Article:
“Our Elders always taught us to have hope. And, I used to wonder what hope looked like – when I was treated like a number in school, and the Indigenous still are sometimes. The British changed the face of our history 500 years ago in the East Coast, and 300 years ago out West. We were lied to and cheated. And, still are. We used to live in harmony and balance with the land, but they changed it. But, we are finding our way back.”
“I have these life lessons of hope taught to me by my grandma, Nancy McBain, who was our primary caregiver. In Indigenous households a grandparent’s job is discipline, and parents provide love. She used to make us laugh, and I have happy childhood memories of going to the beach, digging clams, selling them with my uncles, and making baskets,” Pollyanna remembers.
She continued this bridge building in Wood Buffalo. Last year, Pollyanna, 57, who is the Cultural Navigator for the Fort McMurray Public School Division received the Angel Among Us Esquao Award in Culture from The Institute for the Advancement of Aboriginal Women (IAAW).
“I love being in schools, and teaching students plus learning from them. Indigenous teachers have a lot to offer when it comes to teaching about Mother Earth and Father Sky.”
When I asked her what it is that she would want people to know about Indigenous ways, her immediate response was to put more effort in understanding, and taking the time out to do just so.
“The last residential school shut down in 1996, which was just 25 years ago. We have gone through a terrible time; don’t judge us. And, we still are going through terrible times with missing and murdered Indigenous women, graves being found of residential school victims. Indigenous women are forced through tubal ligation without their consent – which happens a lot in SK, MB and BC. I don’t know why all this happens? But, a better understanding is the solution. It’s so important to get to know your neighbours. Ask us questions.”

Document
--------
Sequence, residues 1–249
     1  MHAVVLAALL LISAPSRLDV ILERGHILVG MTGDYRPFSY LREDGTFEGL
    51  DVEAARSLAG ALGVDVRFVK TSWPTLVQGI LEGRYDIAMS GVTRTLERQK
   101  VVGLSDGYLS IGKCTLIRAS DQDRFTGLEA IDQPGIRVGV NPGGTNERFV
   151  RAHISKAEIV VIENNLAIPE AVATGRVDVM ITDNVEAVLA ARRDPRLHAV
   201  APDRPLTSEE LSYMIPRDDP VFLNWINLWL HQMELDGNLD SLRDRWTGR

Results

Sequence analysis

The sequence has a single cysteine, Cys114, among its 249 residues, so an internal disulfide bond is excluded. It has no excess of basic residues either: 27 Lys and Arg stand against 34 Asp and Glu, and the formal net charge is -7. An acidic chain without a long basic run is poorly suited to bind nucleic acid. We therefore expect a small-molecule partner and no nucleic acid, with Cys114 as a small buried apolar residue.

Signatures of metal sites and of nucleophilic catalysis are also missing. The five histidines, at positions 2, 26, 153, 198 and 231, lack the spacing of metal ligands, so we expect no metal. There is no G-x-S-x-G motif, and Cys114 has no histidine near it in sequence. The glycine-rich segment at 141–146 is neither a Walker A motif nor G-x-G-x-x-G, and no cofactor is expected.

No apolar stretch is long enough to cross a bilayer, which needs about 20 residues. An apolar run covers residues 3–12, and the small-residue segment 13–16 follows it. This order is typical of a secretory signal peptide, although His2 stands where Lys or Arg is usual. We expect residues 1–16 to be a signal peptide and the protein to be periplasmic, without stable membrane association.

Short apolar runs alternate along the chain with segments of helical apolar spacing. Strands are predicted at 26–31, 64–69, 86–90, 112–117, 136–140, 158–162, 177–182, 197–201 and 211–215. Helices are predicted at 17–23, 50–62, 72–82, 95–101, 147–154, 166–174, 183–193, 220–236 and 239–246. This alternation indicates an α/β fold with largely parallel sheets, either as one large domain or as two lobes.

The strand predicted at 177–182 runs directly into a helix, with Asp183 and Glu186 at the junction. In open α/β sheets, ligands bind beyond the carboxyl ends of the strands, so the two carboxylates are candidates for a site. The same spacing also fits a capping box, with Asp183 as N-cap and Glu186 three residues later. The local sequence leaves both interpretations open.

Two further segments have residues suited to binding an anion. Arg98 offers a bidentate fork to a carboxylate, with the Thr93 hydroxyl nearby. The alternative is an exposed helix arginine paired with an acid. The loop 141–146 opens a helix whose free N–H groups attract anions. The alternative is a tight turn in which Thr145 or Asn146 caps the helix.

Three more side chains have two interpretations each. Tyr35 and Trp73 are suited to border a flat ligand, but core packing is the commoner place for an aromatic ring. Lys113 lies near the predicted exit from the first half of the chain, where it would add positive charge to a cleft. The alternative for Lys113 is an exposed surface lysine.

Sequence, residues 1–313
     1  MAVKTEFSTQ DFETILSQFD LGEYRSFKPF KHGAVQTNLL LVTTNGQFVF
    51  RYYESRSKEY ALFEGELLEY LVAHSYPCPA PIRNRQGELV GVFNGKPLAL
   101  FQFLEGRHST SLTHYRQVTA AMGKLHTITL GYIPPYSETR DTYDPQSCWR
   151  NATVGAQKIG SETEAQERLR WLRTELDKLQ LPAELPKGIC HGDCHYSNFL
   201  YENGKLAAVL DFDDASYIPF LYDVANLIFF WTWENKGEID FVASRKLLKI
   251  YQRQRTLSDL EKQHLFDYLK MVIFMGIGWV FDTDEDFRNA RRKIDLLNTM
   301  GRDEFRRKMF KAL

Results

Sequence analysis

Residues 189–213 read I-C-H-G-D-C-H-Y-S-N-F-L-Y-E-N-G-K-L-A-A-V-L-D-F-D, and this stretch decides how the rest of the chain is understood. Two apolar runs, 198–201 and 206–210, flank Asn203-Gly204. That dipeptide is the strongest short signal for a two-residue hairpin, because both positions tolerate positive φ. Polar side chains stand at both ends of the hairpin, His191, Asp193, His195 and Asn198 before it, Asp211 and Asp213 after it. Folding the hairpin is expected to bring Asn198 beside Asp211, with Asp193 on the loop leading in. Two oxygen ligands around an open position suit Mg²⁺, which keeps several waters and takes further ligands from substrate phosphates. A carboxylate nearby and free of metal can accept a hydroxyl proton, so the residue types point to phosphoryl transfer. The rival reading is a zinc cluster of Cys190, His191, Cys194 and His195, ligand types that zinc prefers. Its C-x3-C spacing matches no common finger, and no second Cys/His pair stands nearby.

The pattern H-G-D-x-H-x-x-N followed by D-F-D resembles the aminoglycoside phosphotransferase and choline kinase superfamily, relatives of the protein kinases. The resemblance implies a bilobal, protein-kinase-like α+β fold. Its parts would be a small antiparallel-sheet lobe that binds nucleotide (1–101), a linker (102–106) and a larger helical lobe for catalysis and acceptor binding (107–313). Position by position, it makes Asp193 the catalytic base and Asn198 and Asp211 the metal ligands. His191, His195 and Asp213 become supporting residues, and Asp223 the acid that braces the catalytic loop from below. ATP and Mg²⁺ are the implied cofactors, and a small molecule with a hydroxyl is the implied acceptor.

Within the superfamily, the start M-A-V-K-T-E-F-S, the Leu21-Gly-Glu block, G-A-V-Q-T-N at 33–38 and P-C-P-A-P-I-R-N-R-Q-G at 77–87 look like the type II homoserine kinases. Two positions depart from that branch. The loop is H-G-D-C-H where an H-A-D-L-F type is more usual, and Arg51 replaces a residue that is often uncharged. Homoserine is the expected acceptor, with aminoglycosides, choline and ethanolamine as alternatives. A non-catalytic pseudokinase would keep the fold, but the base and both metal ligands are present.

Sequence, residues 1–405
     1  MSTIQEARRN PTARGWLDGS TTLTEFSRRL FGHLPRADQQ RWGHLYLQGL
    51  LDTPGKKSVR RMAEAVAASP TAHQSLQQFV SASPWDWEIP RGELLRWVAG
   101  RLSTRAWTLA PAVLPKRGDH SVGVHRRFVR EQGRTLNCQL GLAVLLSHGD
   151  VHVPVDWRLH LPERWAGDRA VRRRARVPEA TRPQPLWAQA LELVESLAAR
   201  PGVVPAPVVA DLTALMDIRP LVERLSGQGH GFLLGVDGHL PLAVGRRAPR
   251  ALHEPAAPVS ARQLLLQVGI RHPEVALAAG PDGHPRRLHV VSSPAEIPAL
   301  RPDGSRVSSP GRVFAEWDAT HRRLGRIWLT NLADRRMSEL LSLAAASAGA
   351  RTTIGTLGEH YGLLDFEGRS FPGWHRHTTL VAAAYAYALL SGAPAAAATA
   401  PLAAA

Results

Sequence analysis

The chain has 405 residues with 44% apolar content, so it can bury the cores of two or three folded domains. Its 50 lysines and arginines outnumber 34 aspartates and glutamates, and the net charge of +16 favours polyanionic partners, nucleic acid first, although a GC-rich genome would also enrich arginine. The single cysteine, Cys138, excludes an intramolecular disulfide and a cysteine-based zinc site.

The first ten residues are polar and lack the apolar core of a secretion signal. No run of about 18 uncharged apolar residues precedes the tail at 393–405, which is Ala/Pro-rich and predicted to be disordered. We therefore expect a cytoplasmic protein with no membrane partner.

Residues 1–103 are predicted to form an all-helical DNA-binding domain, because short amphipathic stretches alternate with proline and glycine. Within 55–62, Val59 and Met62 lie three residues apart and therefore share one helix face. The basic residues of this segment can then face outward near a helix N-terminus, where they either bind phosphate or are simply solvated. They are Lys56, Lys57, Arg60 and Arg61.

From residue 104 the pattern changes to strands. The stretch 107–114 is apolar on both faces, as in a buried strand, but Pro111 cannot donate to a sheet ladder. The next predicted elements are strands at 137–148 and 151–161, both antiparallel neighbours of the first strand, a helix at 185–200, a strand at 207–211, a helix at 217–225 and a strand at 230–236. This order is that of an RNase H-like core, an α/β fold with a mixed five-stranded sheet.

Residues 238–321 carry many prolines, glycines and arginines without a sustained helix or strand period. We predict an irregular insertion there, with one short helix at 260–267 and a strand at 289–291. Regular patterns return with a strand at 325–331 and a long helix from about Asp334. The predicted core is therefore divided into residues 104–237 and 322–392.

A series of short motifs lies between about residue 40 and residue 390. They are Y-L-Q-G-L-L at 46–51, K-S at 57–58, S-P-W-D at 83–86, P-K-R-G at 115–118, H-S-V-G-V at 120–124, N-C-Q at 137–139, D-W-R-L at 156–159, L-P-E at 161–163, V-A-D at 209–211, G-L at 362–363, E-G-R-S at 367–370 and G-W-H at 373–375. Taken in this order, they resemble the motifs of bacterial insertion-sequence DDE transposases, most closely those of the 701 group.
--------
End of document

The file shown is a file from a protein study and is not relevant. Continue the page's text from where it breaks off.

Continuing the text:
Pollyanna has high hopes for the new generation, which she says is “more spiritual.”
“They want to save the trees, the planet. They are going to be that change we need. The pandemic has changed attitudes too. People are finally taking a closer look at their lives, and surroundings and don’t like what they see, because they’ve never slowed down before.”
Commenting about the Art of Conversation, Pollyanna dubs the program an “opportunity for those who want to listen.”
“Sharing is exciting. This is a morale booster for seniors, and Elders, who can be quickly forgotten. This program keeps our hearts young. ACWB has always created inclusiveness. Art gives us the opportunity to create change with different perspectives.”
Indeed, change comes with the effort to understand, embrace differences. And, even if you don’t understand – respect is not optional. A willful ignorance of the past is no more an excuse. Facing the wrongs done to the Indigenous Peoples, and helping them rectify is not a “nice to do when I have the time,” it’s a must for every Canadian. We owe it to the Indigenous of these lands, we owe it to ourselves and our children as we foster a better understanding, and stop the ugly cycle of stereotyping, and discriminating the Indigenous population. The time to fix things is now.
About the author
Kiran is a national award-winning communications specialist, freelance journalist, and social media consultant. She loves telling community stories, and is a strong advocate for inclusion, diversity, women’s rights, and multiculturalism. Got story ideas? Contact her via Twitter: @KiranMK0822.